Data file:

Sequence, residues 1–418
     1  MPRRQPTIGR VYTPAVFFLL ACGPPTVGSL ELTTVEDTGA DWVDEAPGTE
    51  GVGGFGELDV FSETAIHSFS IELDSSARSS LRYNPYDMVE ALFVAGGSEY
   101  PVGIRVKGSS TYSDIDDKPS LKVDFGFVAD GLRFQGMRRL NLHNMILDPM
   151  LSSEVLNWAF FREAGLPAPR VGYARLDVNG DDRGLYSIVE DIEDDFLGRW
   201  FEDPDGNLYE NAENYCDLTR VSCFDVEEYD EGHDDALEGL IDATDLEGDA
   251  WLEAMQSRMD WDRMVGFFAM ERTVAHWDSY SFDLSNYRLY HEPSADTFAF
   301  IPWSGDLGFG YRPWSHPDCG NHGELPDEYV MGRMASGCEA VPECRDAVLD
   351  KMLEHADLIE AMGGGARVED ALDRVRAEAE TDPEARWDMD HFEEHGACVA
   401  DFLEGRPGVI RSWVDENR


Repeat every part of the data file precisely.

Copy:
Sequence, residues 1–418
     1  MPRRQPTIGR VYTPAVFFLL ACGPPTVGSL ELTTVEDTGA DWVDEAPGTE
    51  GVGGFGELDV FSETAIHSFS IELDSSARSS LRYNPYDMVE ALFVAGGSEY
   101  PVGIRVKGSS TYSDIDDKPS LKVDFGFVAD GLRFQGMRRL NLHNMILDPM
   151  LSSEVLNWAF FREAGLPAPR VGYARLDVNG DDRGLYSIVE DIEDDFLGRW
   201  FEDPDGNLYE NAENYCDLTR VSCFDVEEYD EGHDDALEGL IDATDLEGDA
   251  WLEAMQSRMD WDRMVGFFAM ERTVAHWDSY SFDLSNYRLY HEPSADTFAF
   301  IPWSGDLGFG YRPWSHPDCG NHGELPDEYV MGRMASGCEA VPECRDAVLD
   351  KMLEHADLIE AMGGGARVED ALDRVRAEAE TDPEARWDMD HFEEHGACVA
   401  DFLEGRPGVI RSWVDENR